Inviting “Dr. Pugh” to serve on a graduate advisory committee was never taken lightly. Students recognized that they would be challenged every step of the way, that he would demand rigor and dedication, but we all knew that these demands were ones he imposed upon himself, and that they would be accompanied by willingness to guide and advise so that the outcome always encouraged the student to reach further and achieve more. It was also true that as a faculty member on such committees I, too, found that we explored more deeply and crossed disciplines as we joined in a mutual learning experience!
During these explorations David and I discovered a shared passion for seeing the built environment as a layered record of human accomplishment, acknowledging, as James Marston Fitch had stated, that the role of those who would shape the future must include being “curatorial managers of the (existing) built world.” Such a role required an inter-disciplinary approach, and we added to our own backgrounds in art, architecture, planning and law, by inviting the late Nancy Volkman, a distinguished landscape architect with a deep commitment to history and heritage, to join our discussions. The outcome was the first graduate certificate program established by the College of Architecture that allowed students from across the university to prepare to “manage the built environment (and its settings)” through a study of Historic Preservation. From its inception in 1995, and through the vehicle of what has now become the Center for Heritage Conservation, the vision of which David Pugh was such a critical part, has provided faculty and students from every discipline in the college, and from Civil Engineering, Anthropology, Nautical Archeology, History, Recreation, Park and Tourism Science to collaborate, and to educate generations of students to value and respect other disciplines and to shape the nature of their future communities by embracing and using the best of the past. David taught a course on Preservation Law for many years, but was always ready to provide guest lectures for introductory courses in Historic Preservation that established the constitutional support for such legislation, and provided practical case studies into the strengths and weaknesses of the arguments for preservation. David was always a team player, and never wanted to take credit, but his contributions were as invaluable as they were entertaining.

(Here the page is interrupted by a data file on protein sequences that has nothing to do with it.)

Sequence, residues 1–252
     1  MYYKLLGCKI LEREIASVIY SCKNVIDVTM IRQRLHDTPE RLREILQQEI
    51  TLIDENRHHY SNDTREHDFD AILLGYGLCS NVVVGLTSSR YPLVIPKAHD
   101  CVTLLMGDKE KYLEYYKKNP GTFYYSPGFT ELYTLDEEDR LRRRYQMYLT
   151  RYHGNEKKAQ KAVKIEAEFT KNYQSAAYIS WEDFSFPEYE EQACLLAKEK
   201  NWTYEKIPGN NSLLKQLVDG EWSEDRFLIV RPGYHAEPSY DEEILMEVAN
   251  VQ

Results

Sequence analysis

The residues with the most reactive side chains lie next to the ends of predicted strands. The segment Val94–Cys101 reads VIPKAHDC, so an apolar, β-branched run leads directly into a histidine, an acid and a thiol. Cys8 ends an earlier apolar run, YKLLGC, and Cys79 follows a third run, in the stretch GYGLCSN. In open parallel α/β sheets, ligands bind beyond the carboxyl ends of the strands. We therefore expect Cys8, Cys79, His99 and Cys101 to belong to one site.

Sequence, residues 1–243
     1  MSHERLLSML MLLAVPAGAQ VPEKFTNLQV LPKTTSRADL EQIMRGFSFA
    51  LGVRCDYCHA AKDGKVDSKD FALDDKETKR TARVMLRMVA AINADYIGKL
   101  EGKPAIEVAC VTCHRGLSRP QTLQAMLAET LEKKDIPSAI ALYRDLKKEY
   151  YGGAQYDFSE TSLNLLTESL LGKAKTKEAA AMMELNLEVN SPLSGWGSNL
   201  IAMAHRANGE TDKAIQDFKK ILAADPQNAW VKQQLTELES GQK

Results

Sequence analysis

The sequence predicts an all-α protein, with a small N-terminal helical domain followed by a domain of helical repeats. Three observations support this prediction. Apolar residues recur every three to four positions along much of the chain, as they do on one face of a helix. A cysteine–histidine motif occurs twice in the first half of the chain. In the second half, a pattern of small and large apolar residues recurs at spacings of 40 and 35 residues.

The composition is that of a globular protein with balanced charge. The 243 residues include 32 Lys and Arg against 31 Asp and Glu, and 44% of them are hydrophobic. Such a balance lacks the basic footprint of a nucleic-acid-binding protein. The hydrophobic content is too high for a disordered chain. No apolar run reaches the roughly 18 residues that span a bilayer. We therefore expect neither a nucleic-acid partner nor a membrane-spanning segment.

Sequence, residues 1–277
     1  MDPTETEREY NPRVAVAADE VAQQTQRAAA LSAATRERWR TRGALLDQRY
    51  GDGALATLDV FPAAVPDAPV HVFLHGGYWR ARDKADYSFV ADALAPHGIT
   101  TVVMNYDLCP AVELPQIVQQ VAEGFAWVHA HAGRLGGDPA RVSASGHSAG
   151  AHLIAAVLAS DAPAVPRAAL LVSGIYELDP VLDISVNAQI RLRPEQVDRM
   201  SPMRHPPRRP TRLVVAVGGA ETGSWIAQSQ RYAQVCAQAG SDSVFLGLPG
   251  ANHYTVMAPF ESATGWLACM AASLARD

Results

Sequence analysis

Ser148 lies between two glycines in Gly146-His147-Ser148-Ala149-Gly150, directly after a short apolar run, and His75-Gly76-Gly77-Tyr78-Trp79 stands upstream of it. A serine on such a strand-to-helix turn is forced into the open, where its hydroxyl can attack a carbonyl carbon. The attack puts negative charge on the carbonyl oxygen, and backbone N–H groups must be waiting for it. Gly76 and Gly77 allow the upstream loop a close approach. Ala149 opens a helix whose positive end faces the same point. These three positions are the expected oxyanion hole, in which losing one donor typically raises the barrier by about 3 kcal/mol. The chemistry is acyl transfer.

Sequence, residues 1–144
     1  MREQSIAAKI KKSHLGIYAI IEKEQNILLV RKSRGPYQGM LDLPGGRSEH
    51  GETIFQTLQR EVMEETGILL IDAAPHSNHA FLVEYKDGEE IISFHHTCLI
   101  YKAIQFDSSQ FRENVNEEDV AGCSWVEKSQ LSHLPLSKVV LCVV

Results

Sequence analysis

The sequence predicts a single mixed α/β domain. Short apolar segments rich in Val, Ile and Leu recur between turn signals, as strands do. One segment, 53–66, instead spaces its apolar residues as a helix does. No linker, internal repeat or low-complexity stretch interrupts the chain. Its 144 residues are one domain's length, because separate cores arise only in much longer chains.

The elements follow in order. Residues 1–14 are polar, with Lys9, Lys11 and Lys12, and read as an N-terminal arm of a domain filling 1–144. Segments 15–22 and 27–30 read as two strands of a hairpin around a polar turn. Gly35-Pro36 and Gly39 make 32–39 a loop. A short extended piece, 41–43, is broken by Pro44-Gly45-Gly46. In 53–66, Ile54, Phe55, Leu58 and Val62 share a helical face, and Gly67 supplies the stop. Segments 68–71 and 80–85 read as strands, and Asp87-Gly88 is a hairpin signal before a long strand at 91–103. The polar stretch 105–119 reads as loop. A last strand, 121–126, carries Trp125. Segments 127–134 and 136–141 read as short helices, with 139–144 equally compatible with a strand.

David’s obituary noted that, “he seriously disliked people he thought were loud, pompous, and mean spirited.” David Pugh was a friend and a wise colleague for nearly 30 years, and his success as an acknowledged outstanding teacher and a fellowship-worthy professional was due in no small part to his quiet determination, his self-effacing brilliance as an artist, planner and legal scholar, and the un-remitting generosity of his spirit. There was nothing in him to “seriously dislike”! He was one of the most valued people in my academic world, and while I too retired from teaching soon after David, we were both fortunate enough to live long enough to watch many former students and younger colleagues develop productive and valuable careers. After family and friends, they are the greatest reward for a teacher and mentor. David Pugh made a positive difference in each of our lives. I remember him with deep gratitude, and more than the hint of a smile.